The Alliance for Justice has compiled details on every federal court ruling related to marriage equality here. That organization's president, Nan Aron, said in a statement today, "It is disappointing that the Supreme Court declined to take any of the marriage equality cases decided by federal appeals courts.  In 2013, in its decisions on the so-called Defense of Marriage Act and on Proposition 8, the Supreme Court began to bend the arc of history toward justice on this issue. By declining to take these cases, the Court passed up an opportunity to finish the job."

Any relevant comments are welcome in this thread. UPDATE: Wisconsin Governor Scott Walker is not going to fight against marriage equality in Wisconsin anymore. Accepting reality may work against him if he runs in the 2016 Iowa Republican caucuses.

SECOND UPDATE: I've enclosed below a statement from Republican Party of Iowa Co-Chair Cody Hoefert. I am intrigued that Iowa GOP Chair Jeff Kaufmann doesn't seem interested in speaking out on this issue anymore. In 2011, he voted for a state constitutional amendment defining marriage as between one man and one woman. Kaufmann retired in 2012, and his son Bobby Kaufmann was elected to succeed him in the Iowa House. Bobby Kaufmann declined to co-sponsor a marriage amendment in 2013.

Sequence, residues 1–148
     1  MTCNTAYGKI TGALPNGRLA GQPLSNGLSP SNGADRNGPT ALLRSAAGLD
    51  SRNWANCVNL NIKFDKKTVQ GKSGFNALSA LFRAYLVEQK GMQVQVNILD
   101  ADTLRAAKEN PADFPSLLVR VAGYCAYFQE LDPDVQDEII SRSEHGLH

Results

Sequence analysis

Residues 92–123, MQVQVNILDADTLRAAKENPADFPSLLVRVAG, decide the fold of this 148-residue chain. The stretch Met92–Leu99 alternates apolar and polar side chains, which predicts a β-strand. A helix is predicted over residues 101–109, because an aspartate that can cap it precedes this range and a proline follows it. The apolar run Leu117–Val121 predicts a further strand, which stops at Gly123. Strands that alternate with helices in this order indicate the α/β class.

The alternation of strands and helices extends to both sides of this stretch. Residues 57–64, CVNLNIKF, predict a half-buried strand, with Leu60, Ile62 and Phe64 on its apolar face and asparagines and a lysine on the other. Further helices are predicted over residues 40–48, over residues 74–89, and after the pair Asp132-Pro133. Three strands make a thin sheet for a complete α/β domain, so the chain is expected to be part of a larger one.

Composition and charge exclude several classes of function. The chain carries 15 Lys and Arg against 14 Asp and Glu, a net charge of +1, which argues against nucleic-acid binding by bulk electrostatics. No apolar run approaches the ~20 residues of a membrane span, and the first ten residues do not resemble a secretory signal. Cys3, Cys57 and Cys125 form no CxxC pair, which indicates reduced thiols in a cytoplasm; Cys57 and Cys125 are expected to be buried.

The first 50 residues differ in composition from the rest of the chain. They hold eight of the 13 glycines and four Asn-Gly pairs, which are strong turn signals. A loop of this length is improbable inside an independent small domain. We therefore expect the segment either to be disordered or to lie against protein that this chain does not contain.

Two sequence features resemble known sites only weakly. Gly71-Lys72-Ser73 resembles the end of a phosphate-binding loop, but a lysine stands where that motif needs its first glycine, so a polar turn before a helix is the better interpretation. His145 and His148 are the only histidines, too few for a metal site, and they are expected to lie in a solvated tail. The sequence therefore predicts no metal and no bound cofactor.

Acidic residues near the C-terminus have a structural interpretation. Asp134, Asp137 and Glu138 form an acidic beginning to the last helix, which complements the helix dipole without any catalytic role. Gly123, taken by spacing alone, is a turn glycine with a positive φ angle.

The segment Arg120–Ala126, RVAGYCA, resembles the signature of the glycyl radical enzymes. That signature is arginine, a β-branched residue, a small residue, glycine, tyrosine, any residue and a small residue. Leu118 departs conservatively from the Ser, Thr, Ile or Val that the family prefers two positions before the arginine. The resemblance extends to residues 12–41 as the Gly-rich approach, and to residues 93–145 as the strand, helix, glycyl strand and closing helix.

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Attorney General Eric Holder stepping down, with Iowa reaction

by: desmoinesdem

Thu Sep 25, 2014 at 18:00:00 PM CDT

President Barack Obama announced today that U.S. Attorney General Eric Holder will resign as soon as a successor is confirmed. Carrie Johnson reported for National Public Radio,

Holder already is one of the longest-serving members of the Obama Cabinet and currently ranks as the fourth-longest tenured AG in history. Hundreds of employees waited in lines, stacked three rows deep, in early February 2009 to witness his return to the Justice Department, where he previously worked as a young corruption prosecutor and as deputy attorney general - the second in command - during the Clinton administration. [...]